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Harvard University Dining Services (HUDS) is about to get a little better in the sack.
Starting today, students will be able to access a new “my HUDS” interface on the HUDS website, allowing them to order their bagged meals up until 4am the day of pickup.
According to the HUDS website, students previously had to place their bagged meal order at least 18 hours prior to the day of pickup.
“It used to be a relatively long lead time but now you can place an order up until 4am and pick it up when our doors open at 7am for breakfast,” said Crista Martin, HUDS’s assistant director of marketing.
Martin also said that the new online ordering system will store student bagged meal preferences in a database, easing the ordering process.
The food options for bagged meals will not change.
“If you order today, it will remember what you ordered so the next time you order a meal you could just duplicate what you ordered today,” Martin said.
In order to reduce the number of abandoned orders, students will still have to place a new order each day they want a bagged meal.
Students will also be able to designate any house dining hall as their pickup location, regardless of which house they live in. Bagged meals will not be available for pickup at athletic facilities, however.
Although the new bagged meal ordering interface is the only feature of the “my HUDS” portal going live tomorrow, Martin said that in the near future students will be able to list their five favorite menu items online and receive e-mails each Friday alerting them to when those items are being served during the upcoming week.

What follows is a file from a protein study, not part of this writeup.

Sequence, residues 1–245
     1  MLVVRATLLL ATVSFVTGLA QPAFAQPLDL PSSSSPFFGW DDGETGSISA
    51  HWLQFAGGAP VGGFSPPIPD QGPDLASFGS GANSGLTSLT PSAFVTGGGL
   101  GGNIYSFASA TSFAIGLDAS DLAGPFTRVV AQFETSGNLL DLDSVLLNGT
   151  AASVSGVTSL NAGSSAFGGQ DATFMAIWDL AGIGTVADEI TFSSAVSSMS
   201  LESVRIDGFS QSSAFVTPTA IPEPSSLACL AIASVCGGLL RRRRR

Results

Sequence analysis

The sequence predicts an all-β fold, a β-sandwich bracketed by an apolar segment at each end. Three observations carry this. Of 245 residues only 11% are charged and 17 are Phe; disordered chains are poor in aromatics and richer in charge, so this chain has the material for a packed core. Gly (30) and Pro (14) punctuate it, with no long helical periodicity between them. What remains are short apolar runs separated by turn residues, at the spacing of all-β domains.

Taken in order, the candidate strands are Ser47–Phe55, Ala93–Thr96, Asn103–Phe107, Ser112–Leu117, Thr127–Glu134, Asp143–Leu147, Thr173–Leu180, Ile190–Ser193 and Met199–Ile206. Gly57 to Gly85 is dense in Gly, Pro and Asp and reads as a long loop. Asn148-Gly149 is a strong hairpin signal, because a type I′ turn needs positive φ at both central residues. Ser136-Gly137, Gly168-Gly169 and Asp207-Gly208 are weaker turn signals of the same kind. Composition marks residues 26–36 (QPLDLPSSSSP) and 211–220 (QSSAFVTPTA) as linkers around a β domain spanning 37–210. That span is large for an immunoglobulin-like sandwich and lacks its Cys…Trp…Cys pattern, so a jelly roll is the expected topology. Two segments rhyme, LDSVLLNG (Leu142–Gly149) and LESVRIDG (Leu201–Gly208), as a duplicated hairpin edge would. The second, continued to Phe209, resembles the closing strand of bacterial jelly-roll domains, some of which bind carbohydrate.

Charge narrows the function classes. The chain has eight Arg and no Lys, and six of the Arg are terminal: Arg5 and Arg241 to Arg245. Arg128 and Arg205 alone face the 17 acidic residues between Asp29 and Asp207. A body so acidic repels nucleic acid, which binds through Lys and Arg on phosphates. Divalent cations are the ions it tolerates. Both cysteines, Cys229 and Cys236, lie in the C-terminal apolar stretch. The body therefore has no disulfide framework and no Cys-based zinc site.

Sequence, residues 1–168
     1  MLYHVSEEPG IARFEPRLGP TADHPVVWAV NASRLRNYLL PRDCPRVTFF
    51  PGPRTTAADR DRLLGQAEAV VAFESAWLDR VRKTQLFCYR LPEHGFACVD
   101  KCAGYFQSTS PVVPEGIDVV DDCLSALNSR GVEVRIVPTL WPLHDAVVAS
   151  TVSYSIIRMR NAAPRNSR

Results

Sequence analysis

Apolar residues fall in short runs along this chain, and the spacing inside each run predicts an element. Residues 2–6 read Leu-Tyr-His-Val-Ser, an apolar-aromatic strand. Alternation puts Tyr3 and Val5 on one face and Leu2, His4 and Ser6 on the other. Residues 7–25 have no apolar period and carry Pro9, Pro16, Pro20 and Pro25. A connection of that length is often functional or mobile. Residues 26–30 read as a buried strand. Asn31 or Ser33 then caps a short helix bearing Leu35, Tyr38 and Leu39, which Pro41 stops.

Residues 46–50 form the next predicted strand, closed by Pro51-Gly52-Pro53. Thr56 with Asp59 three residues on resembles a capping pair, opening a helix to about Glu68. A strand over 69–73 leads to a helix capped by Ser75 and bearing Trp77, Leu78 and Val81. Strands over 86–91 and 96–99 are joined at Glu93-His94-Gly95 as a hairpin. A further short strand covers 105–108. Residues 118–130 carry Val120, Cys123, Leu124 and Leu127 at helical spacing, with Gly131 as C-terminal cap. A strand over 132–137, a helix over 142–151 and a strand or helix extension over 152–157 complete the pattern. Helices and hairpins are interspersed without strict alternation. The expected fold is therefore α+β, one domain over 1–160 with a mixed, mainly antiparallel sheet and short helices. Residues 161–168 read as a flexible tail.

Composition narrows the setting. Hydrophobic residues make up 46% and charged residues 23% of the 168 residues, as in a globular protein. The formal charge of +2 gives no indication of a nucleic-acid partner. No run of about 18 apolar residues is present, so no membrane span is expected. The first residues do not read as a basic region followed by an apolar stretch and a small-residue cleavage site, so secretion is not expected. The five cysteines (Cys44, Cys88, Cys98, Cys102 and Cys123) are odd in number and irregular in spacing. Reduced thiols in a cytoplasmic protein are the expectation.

The new online system emerged from recommendations made last May by the HUDS subcommittee of the Committee on House Life (CHL) as part of an ongoing effort to expand dining options for students.
According to Associate Dean for Residential Life Suzy M. Nelson, the expanded bagged meal program is a short-term solution to student requests for extended dining hall hours.
“We thought it would be hasty to make a thorough change without further discussion,” Nelson said.
Last spring, HUDS and the College hired outside consultants to examine questions regarding expanded dining hall hours, and Nelson said that their report will be released to the CHL at their meeting on Nov. 16. The CHL will then make recommendations based on the report.
According to Nelson, the decision of whether or not to overhaul the current dining system will ultimately be made by the dean of the College in conjunction with the Council of House Masters.
HUDS Executive Director Ted Mayer said that the forthcoming report is simply a starting point to begin discussion on a new dining system at Harvard.
“The report is asking these questions and offering some options to begin discussions,” Mayer said.
Both Mayer and Nelson said that financial constraints would make it impossible to maintain all of HUDS’s current offerings and continue to add on more programs and dining hours.
“We can’t have everything that we have now and add everything that everybody else has,” Mayer said. “The College has to decide what it wants.”
—Staff writer Evan M. Vittor can be reached at email@example.com.
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